chrissugar
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18th January 2007
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who knows?

yeah i have 2 power dynamic "power one" cables sitting here brand new, not even opened that i'm supposed to test, they sell for $571.00( EACH!!!) on their site for 6 ft. I got it for Xmas(nice huh, i love free stuff :D) from one of their Dealers.

http://www.virtualdynamics.ca/content.php?id=30 Is the site with the info


heres some of their specs on it

12 Gauge Solid-core copper conductor. Hot, Neutral, and Ground conductors are seperated for maximum shielding and vibration control.

Level 1 Speed of Light circuit
Level 1 Dynamic Filtering
3 Dielectric Layers
True Float Ground Technology
Cold Crimped Terminations
ProtecX Treatment



and heres what those terms mean...? ( i'm not gonna say i understand it, because i don't but heres what they say on their site about those things, and i just took small parts of what they said about each other wise this would be a book, not a post, so if you wanna read more click that link up there)

oh and i'm the guy who said, listen first then talk, and I haven't listened yet so I can't speak yet... :D



"Speed of Light

Virtual Dynamics is leading the audio industry in addressing the role of Coulomb Friction in the degradation of signal quality. A key part of this new approach is utilizing and exploring “magnetic circuitry” as a means of amplifying, aligning, and filtering the signal. The name of this new invention utilizing magnetic circuitry is “Speed of Light” (SOL). "



"Dynamic Filtering
A technology birthed from the principles of Coulomb Friction. For audio cabling purposes, Coulomb Friction could be simplified as the equal and opposite reaction to the flow of electricity through a conductor.

As electricity hits the conductor, the resistance creates energies in the form of vibration, static, and heat.
These energies distort the signal quality, which degrades the sonic purity.
Dynamic Filtering utilizes fluid mechanics to dampen the conductor, eliminating distortion.
"

"Dielectric Layers

A dielectric, or electrical insulator, is a substance that is highly resistant to electric current. Generally speaking, there is an advantage to having numerous layers of dielectric as it provides protection from outside interference, and concentrates the applied electric field within itself. However, Virtual Dynamics cabling does not rely solely on dielectric layers for this purpose, please see True Float Ground Technology. "


"True Float Ground Technology

You’ve likely been educated about the dangers of allowing your audio/video cables cross over each other because conductors can actually play the role of antennae for radio frequency (RF) noise and electro-magnetic interference. That education still applies, but you can throw it out the window when using Virtual Dynamics cabling.

Our Level 1True Float Ground Technology features a noise rejection rating over 99%, with our Level 2 being even higher. Skip the tedious process of meticulously laying out your cables and enjoy the beauty of silence! "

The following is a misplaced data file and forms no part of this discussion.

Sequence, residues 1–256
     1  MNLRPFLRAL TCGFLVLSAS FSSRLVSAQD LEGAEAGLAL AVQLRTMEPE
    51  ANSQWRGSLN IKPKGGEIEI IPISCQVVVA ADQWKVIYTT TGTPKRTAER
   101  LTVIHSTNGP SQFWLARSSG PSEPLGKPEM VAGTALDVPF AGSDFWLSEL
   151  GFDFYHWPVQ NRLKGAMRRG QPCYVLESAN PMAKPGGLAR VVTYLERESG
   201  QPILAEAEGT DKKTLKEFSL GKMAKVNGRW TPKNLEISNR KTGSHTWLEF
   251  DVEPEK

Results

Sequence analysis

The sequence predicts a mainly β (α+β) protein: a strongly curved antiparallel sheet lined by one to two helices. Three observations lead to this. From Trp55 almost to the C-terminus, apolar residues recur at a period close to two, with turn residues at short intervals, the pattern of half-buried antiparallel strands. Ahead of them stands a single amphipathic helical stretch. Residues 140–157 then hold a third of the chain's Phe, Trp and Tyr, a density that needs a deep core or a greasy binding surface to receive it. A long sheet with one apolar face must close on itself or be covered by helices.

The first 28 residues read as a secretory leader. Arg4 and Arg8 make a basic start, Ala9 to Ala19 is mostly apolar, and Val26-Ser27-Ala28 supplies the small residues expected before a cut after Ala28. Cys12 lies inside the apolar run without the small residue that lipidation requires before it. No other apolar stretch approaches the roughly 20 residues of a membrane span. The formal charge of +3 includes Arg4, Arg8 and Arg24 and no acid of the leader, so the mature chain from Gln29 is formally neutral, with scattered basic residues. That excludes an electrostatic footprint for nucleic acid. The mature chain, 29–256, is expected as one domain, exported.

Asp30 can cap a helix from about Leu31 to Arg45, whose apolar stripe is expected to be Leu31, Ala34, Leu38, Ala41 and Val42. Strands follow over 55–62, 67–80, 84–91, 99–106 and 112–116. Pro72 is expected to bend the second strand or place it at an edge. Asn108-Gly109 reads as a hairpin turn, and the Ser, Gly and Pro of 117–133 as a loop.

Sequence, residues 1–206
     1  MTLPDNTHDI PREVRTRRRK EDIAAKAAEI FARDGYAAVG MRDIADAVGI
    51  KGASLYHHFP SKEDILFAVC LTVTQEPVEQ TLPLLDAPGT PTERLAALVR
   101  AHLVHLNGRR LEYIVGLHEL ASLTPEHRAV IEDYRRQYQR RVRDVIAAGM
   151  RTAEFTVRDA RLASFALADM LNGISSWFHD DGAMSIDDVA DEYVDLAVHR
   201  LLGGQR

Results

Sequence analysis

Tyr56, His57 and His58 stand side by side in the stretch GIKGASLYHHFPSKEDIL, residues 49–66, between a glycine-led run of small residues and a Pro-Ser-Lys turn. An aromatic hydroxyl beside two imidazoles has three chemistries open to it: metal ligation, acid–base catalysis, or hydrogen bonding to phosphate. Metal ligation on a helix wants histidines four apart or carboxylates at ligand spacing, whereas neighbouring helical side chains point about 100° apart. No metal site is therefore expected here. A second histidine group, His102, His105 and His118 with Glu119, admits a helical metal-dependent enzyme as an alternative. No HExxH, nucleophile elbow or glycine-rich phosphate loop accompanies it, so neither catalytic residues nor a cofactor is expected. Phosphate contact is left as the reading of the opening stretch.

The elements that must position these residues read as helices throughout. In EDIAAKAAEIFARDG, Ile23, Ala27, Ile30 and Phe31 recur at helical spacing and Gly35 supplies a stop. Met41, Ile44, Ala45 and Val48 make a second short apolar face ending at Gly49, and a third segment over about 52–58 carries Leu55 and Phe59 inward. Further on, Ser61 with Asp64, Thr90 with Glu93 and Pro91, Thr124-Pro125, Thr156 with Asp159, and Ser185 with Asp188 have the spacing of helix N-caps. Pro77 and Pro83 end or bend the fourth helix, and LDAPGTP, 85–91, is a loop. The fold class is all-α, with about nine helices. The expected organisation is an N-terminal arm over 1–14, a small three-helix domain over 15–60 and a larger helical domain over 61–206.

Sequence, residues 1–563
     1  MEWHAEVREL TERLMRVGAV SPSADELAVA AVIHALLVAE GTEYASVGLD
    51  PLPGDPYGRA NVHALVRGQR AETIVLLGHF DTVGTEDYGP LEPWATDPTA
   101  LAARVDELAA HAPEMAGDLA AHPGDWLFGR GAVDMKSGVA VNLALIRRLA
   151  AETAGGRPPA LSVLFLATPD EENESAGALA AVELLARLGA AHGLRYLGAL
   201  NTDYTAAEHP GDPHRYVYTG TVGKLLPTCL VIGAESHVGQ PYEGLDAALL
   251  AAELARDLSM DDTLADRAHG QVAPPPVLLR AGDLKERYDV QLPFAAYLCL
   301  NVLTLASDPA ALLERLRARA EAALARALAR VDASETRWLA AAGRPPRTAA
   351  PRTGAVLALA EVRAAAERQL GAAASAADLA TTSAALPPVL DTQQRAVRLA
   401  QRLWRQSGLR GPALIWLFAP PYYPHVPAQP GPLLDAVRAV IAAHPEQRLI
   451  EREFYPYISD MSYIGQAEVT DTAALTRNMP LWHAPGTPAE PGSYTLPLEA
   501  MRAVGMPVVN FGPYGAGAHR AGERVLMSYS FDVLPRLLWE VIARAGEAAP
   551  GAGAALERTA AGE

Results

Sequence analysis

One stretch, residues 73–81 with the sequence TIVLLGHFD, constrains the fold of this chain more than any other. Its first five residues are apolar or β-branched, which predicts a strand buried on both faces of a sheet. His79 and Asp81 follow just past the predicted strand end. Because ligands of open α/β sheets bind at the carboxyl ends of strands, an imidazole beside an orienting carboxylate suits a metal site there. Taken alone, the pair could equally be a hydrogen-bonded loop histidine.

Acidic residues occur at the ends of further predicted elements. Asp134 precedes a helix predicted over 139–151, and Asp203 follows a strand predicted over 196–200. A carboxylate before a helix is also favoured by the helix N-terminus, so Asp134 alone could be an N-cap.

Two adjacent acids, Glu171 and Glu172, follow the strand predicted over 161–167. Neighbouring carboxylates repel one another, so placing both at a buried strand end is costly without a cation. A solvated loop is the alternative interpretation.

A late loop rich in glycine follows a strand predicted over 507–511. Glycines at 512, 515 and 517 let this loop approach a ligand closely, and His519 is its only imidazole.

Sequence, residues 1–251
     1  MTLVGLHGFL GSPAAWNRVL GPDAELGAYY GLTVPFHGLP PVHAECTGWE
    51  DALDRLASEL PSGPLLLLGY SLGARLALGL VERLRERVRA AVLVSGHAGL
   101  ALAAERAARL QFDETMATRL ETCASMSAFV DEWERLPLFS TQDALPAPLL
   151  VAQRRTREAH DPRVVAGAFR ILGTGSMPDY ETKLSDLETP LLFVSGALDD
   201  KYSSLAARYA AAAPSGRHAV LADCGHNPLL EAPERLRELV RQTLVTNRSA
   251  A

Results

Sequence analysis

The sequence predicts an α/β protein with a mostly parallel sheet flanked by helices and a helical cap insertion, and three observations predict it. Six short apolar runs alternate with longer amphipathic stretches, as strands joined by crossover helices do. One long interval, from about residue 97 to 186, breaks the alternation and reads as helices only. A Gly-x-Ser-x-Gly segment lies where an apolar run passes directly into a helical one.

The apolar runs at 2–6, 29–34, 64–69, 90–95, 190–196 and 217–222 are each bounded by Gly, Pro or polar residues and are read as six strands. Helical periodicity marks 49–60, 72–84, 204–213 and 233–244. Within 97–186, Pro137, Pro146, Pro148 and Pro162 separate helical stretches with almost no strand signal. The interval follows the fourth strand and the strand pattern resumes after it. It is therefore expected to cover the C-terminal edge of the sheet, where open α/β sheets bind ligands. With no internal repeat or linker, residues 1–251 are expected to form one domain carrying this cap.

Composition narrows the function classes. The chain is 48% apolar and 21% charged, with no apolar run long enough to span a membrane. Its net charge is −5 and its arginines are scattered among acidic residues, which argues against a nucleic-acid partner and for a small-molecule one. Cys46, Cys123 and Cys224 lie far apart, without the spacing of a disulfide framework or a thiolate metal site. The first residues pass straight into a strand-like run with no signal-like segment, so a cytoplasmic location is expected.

anyone else here ever try one of those? try anything else in that price range? more? less? i'm currious, because c'mon you can't sell stuff that is that expenisve if it dosn't make a hell of a difference! and i guess a bunch of audiophile magz say this cable is one of the best and better then some more expensive then it ( wow more then 600 dollars for a power cable? wow!! I wish i had money like that! )
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18th January 2007
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Hmmm.... Excellent idea; let's organize together production of Coulomb Friction Meters!

No, better to open Certified Coulomb Friction Metering Laboratory. Gradations of measurement from 0 to 1000, $1 mln for certification of one cable, expires in 1 year.

Here is the patented setup: http://gearslutz.com/board/attachmen...1&d=1168992575

The calibrated cable goes through one transparent rail (left on the picture), measured one goes through another one (right on the picture)
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18th January 2007
Old 18th January 2007
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Quote:
Hot, Neutral, and Ground conductors are seperated ...

Umm, yeah, I would hope so...
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18th January 2007
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Quote:
Originally Posted by Wavebourn View Post
Hmmm.... Excellent idea; let's organize together production of Coulomb Friction Meters!

No, better to open Certified Coulomb Friction Metering Laboratory. Gradations of measurement from 0 to 1000, $1 mln for certification of one cable, expires in 1 year.

Here is the patented setup: http://gearslutz.com/board/attachmen...1&d=1168992575

The calibrated cable goes through one transparent rail (left on the picture), measured one goes through another one (right on the picture)
If I could sell line cords for $500 a piece I wouldn't bother myself with such mundane issues as measuring drumhead lug balance.

I suspect one could predict the Coulomb friction in a line cord using something akin to your physic powers... "Ummm let me focus.. There I got it... NONE!"

I lean toward the other meaning for "SOL", as in if you paid $500 for a line cord you are "SOL".

JR